San Francisco will become the latest county in the nation to offer free DNA testing to inmates, the district attorney's office announced this week.
The plan would allow certain state prison inmates convicted in San Francisco before 1997 of murder, manslaughter or sexual assault the chance to have their cases reviewed through DNA tests. DNA testing has been used in such cases since 1997.
"Our charge as district attorneys is to not only establish guilt but also innocence," said Darrel Saloman, an aide to Dist. Atty. Terence Hallinan. "It is the right thing to do."
San Francisco becomes the fourth California county to offer DNA testing.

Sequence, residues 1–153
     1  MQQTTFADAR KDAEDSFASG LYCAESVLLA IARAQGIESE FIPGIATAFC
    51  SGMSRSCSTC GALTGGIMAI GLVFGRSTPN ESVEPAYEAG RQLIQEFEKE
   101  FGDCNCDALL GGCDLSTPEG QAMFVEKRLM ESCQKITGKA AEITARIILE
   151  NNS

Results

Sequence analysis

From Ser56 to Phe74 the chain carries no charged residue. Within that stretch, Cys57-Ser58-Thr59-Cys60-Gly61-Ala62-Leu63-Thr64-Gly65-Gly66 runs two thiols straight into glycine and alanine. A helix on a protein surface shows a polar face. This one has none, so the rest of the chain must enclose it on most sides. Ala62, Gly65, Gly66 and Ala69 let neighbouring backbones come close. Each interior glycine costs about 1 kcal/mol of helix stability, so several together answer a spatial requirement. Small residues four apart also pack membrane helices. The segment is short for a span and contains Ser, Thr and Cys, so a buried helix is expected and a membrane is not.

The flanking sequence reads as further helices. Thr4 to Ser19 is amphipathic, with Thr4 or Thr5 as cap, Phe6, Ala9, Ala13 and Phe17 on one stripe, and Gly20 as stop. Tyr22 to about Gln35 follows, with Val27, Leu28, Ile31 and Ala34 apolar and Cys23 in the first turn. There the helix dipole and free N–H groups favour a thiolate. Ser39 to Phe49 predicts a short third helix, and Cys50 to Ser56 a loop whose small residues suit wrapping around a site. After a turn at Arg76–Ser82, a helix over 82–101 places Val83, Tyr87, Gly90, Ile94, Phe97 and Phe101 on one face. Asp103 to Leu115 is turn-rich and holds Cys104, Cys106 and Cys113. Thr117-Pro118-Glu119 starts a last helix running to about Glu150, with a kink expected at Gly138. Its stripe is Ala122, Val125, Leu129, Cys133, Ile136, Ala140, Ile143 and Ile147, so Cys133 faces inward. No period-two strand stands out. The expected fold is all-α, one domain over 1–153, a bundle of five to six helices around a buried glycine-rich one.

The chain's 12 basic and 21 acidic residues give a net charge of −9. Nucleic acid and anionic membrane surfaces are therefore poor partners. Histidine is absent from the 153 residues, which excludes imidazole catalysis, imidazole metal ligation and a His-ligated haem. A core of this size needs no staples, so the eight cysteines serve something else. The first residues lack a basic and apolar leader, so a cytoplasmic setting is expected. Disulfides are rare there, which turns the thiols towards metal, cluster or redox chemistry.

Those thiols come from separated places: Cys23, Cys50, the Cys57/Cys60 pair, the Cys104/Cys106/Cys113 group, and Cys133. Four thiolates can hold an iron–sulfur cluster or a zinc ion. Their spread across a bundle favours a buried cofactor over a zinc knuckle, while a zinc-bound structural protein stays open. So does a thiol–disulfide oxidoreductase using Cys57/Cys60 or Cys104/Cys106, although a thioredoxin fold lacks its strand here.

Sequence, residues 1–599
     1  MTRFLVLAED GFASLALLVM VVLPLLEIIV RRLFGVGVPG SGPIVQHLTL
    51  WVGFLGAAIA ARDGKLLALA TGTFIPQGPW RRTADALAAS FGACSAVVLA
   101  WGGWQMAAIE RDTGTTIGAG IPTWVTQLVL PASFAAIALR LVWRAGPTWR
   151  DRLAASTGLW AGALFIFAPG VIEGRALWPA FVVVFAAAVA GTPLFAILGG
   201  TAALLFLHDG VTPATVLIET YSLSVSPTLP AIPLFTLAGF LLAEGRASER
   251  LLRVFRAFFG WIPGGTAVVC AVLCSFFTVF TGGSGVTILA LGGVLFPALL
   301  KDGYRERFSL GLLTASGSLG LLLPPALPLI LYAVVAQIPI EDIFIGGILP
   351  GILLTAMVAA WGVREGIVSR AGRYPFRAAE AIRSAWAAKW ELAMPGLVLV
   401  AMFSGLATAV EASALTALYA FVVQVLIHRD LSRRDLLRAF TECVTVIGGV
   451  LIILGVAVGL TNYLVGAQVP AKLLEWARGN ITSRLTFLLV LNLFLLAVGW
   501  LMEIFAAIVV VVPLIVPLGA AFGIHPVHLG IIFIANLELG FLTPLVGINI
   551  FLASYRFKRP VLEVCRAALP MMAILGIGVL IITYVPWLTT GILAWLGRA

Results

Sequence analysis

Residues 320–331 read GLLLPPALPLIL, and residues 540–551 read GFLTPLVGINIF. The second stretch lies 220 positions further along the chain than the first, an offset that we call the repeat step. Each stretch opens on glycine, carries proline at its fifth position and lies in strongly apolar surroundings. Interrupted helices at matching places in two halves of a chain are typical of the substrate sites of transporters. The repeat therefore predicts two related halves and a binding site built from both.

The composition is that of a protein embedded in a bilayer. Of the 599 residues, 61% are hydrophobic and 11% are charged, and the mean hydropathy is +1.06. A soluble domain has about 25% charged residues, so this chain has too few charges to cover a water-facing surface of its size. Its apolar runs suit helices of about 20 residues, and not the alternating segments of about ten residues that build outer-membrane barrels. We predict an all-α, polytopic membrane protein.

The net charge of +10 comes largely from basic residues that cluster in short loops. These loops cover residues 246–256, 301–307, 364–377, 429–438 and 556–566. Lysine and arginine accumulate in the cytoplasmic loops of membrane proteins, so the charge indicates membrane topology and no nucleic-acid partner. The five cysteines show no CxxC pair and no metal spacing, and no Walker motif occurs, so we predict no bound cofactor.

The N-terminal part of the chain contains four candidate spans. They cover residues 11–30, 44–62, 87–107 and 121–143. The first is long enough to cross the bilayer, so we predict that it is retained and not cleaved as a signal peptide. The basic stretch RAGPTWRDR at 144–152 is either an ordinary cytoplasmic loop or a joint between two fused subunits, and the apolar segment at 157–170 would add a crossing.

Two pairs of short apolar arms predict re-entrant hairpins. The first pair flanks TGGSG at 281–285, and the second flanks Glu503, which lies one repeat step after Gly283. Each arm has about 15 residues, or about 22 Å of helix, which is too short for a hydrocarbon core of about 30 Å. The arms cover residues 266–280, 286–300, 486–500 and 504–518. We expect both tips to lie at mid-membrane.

Last week, prosecutors teamed up with public defenders in Orange County to offer DNA tests to inmates whose guilt was called into question after their convictions.
That closely followed an announcement by prosecutors in San Diego that the county would become the first in the nation to provide free DNA testing to inmates who said such evidence would clear them.
And in June, Ventura County prosecutors announced a plan to split the costs for DNA testing with defense attorneys for some inmates who say they were wrongly convicted.
In San Francisco, details of the testing plan--which will cost the city $2,000-$5,000 per person--have yet to be worked out. But it will probably exclude cases in which convictions were based on eyewitness testimony and those in which samples of blood or other human tissue were not available and could not be compared with the convict's genetic material.